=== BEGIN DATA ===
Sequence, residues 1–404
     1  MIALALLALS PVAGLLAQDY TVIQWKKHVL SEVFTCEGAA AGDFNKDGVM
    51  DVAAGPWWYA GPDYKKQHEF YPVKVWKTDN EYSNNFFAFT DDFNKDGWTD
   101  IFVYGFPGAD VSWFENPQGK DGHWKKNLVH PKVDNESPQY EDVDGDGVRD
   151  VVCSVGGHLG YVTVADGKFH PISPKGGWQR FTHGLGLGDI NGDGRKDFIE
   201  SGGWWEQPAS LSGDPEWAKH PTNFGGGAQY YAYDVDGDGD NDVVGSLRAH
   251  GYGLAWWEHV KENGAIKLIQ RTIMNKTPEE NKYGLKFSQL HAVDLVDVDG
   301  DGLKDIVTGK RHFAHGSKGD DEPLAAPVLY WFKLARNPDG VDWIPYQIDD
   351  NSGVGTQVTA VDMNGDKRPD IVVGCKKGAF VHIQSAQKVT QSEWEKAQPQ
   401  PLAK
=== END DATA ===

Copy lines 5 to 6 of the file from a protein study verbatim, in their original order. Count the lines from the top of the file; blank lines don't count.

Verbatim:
   151  VVCSVGGHLG YVTVADGKFH PISPKGGWQR FTHGLGLGDI NGDGRKDFIE
   201  SGGWWEQPAS LSGDPEWAKH PTNFGGGAQY YAYDVDGDGD NDVVGSLRAH